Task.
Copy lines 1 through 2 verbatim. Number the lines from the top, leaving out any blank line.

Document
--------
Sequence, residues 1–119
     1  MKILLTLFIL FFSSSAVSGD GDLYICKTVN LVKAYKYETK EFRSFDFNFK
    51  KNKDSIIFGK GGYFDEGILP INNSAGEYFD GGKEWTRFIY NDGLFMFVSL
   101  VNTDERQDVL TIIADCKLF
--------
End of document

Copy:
Sequence, residues 1–119
     1  MKILLTLFIL FFSSSAVSGD GDLYICKTVN LVKAYKYETK EFRSFDFNFK